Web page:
A. Bilateral cerebellar dysfunctions (most important causes are):

  • Multiple sclerosis (demyelination)
  • Posterior circulation stroke
  • Bilateral cerebellar pontine (CP) angle lesions or space-occupying lesions, e.g., neurofibromatosis, schwannoma
  • Paraneoplastic syndromes
  • MSA (multiple system atrophy)
  • Toxin & Drugs: alcohol, phenytoin, lithium, carbamazepine.
  • Metabolic: thyroid abnormality (hypothyroid), B12 deficiency, Wilson disease, celiac disease
  • Infectious: enteroviruses, HIV, neurosyphilis, toxoplasmosis, borreliosis, Creutzfeldt–Jakob disease
  • Inflammatory: GBS (Miller Fischer variant)
  • Hereditary: ataxia telangiectasia), Friedreich ataxia, Von Hippel-Lindau syndrome), spinocerebellar ataxias)

B. Unilateral cerebellar dysfunctions (most important causes are):

  • Unilateral posterior circulation ischemic/hemorrhagic stroke

    • Part of lateral medullary syndrome (LMS)
    • Hemiparesis with ataxia (following lacunar stroke)
  • Multiple sclerosis (demyelination)
  • Space occupying lesions (SOL) in the posterior cranial fossa, e.g., abscess (tuberculosis, staphylococcal infection), tumor
  • Unilateral cerebellar pontine (CP) angle lesions or space-occupying lesions, e.g., neurofibromatosis, schwannoma
  • Multiple system atrophy

C. Spastic paraparesis with cerebellar signs (the most important causes are):

  • Multiple sclerosis (demyelination)
  • Friedreich ataxia
  • SCA (Spinocerebellar ataxia)
  • ACM (Arnold-Chiari malformation)
  • Syringomyelia, syringobulbia

Ataxia may occur due to abnormalities in the nervous system’s different areas, including the brain, spinal cord, nerves, and nerve roots. The different types of ataxia often have similar or overlapping causes in the same patient.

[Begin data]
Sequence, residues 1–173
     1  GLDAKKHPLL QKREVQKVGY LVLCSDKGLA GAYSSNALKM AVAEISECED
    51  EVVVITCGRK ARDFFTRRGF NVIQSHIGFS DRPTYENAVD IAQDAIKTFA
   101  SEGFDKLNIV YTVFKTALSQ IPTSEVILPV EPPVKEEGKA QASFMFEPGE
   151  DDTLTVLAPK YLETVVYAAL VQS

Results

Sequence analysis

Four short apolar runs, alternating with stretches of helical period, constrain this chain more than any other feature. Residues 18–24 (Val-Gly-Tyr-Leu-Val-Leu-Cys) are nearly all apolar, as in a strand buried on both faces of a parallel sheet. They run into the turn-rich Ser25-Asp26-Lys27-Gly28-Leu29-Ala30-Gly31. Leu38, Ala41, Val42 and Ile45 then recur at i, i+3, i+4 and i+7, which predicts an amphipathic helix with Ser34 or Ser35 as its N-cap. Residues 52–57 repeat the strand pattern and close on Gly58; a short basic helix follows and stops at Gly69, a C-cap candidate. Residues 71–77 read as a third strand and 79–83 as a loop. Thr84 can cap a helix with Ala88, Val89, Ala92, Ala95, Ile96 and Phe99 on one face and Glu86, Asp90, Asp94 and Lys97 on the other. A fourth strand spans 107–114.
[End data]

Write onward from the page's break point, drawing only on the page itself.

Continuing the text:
• Focal lesions – due to tumors, stroke, multiple sclerosis, or inflammation
  • Metabolic – due to substances such as alcohol, antidepressant drugs, and antiepileptic drugs
  • Poisoning – due to radiation
  • Vitamin B12 deficiency
  • Thyroid disease – hypothyroidism
  • Head injury
  • Coeliac disease (gluten ataxia)
  • Hereditary – Friedreich ataxia, ataxia-telangiectasia, Nieman-Pick disease, fragile X associated ataxia/tremor syndrome
  • Arnold-Chiari malformation
  • Wilson disease
  • Succinic semialdehyde dehydrogenase deficiency

Symptoms of Cerebellar Dysfunction

Clinical Presentations associated with cerebellar dysfunction:

  • Ataxia: Lack of normal coordination of movements.
  • Gait problems: Lesions of the cerebellum typically affect the same side of the body, and patients fall towards the side of the lesion.
  • Intention Tremor: Low-frequency tremor (below 5Hz) with the voluntary movement of the limb. The tremor is exaggerated when the limb approaches the endpoint of its deliberate movement (cerebellar tremor). The tremor is not present at rest (a feature of parkinsonian tremor).
  • Dysdiadochokinesia: The inability to perform fast, alternating movements.
  • Decomposition of Movement (abnormal coordination): Movement cannot occur smoothly and gets divided into its components.
  • Dysmetria: Overshooting or undershooting the target. Patients are unable to reach the target at the first attempt and make corrections.
  • Dysarthria: This is the inability to articulate words properly.

Signs of Cerebellar Vermis and Flocculonodular Lobe Lesions

  • Gait Ataxia: Abnormal coordination of movements while walking. Patients have a wide-based, drunk-like unsteady, stumbling gait, which is also called “staggering gait.” The patient will be unable to walk on toes or heels and in tandem; also known as truncal ataxia.
  • Titubation: Tremor (noodling) of the head or axial body. If severe, the patient can’t sit or stand without help.
  • Nystagmus: Commonly bilateral, these are involuntary, rapid, repetitive eye movements, which can be horizontal or vertical.

Signs of Cerebellar Hemisphere (Cerebrocerebellum) Lesions